Thanksgiving

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Tradition tells us that the first Thanksgiving was a three-day celebration by the pilgrims after their first harvest in the new world, in 1621. This feast was attended by 90 Indians and 53 pilgrims. New England colonists regularly celebrated Thanksgivings, defined as days of prayer thanking God for blessings, for everything from the end of a drought to a military victory. In fact, days of Thanksgiving were a common occurrence as early as 1607, when the first settlers arrived in Jamestown. There were several recorded instances of Thanksgiving feasts and celebrations throughout that century.
 
But none of them are our first national Thanksgiving, because before the Revolutionary War, we were not a nation.
 
In October of 1777, this country was deeply involved in a war for independence. The continental congress had been meeting in Philadelphia in September, but hearing that the British were coming, they fled the city and met briefly in Lancaster, before deciding to put a river between them and the enemy troops.  They crossed the Susquehanna and settled into York  Pa., where they remained until June of 1778.
 
The congressmen of 1777 were working the details of what would become the Articles of Confederation, the first step in becoming a new nation. They were also struggling with the logistics of supplying soldiers with food, clothing, medicine, and weapons to continue their battles against the British troops. And those battles had not been going well. George Washington's troops had recently been defeated at Brandywine, and at Germantown. Winter was approaching, and the troops were poorly prepared, and demoralized by defeats.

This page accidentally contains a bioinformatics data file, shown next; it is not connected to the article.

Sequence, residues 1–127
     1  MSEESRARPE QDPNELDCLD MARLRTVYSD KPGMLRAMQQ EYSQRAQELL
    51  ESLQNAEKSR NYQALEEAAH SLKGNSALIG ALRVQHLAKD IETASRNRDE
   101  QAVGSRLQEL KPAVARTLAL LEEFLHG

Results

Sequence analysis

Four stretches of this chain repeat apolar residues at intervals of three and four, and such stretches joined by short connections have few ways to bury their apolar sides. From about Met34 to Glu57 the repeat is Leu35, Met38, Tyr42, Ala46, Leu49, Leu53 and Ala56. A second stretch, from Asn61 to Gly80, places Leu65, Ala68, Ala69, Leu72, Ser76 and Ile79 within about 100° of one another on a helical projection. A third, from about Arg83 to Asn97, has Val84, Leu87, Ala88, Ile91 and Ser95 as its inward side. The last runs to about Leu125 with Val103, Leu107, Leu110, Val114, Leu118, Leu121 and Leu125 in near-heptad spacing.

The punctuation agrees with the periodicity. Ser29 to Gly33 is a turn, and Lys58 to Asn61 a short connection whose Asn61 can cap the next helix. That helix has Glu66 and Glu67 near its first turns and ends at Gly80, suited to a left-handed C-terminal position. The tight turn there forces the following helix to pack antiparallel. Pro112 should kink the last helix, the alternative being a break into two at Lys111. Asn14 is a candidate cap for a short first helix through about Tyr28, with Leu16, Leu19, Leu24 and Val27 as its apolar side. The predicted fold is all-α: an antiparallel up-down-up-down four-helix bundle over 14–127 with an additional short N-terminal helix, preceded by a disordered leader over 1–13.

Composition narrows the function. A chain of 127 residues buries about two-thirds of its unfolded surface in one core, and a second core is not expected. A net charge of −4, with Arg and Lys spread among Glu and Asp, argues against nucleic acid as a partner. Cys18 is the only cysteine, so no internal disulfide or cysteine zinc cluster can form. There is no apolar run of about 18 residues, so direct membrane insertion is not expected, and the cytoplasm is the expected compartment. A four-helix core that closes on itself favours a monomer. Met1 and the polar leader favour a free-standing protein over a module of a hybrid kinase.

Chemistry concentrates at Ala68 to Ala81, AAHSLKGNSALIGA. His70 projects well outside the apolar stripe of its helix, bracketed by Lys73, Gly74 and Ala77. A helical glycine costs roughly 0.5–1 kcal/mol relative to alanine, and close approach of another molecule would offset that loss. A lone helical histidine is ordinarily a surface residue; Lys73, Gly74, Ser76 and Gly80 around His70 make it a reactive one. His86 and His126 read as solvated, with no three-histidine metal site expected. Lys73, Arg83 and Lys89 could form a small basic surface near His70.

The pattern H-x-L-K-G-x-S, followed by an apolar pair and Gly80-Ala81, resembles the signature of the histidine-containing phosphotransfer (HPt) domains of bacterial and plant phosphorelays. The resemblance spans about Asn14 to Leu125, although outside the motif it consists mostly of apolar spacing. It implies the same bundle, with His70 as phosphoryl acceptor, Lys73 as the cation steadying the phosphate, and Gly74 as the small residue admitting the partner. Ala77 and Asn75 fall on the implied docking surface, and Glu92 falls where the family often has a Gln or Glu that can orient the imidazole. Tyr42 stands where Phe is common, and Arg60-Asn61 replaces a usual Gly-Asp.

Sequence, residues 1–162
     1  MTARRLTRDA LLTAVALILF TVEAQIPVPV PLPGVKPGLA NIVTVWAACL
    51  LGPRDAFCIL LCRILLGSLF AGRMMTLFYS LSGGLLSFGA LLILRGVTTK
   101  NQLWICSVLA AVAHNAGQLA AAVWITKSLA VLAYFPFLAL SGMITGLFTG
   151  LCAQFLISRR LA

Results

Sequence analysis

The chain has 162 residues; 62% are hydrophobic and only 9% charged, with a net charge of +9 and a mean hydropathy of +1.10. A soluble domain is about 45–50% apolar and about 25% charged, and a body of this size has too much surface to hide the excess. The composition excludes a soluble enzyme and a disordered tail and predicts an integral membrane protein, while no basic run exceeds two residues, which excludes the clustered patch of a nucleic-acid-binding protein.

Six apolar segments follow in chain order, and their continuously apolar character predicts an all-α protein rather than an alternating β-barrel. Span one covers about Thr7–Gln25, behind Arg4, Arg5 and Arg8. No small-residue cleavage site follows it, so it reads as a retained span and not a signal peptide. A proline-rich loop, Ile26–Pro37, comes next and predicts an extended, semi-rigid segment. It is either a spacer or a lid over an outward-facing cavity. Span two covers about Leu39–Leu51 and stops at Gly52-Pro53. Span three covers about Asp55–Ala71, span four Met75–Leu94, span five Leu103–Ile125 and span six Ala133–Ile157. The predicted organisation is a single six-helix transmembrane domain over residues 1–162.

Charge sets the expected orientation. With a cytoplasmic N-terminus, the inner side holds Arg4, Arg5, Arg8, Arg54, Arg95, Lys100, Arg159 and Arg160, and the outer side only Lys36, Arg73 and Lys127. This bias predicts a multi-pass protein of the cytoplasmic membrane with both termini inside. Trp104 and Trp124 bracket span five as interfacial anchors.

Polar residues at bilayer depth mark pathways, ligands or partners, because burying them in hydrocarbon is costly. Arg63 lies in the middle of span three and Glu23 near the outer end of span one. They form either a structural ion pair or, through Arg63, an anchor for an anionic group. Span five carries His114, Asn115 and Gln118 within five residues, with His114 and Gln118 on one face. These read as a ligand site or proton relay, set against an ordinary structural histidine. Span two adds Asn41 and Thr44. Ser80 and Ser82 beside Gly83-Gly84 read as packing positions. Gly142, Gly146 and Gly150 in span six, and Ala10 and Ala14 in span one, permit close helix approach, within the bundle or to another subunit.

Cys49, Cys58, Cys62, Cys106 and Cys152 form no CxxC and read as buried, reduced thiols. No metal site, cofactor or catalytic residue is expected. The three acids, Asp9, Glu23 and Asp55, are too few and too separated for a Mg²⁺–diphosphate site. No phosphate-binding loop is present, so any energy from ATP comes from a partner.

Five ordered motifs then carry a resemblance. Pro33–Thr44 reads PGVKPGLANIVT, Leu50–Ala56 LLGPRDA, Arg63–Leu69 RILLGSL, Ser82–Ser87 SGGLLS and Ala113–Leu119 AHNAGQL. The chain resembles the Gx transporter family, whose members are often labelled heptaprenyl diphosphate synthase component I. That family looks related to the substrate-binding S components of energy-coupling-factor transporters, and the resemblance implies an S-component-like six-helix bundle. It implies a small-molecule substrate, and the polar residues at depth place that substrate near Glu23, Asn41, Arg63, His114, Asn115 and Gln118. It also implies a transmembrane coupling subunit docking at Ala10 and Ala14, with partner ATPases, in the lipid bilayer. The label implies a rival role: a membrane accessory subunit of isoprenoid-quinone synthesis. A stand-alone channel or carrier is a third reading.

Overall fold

On October 17th 1777, British General Burgoyne surrendered his entire army to Horatio Gates near Saratoga, New York, a much needed victory for the patriots. The battle at Saratoga was a decisive victory for the continental army. They had been in retreat since the British capture of Fort Ticonderoga in July of that year.  The British plan was to cut the New England Colonies off from the middle and southern colonies, but that plan failed with their defeat at Saratoga.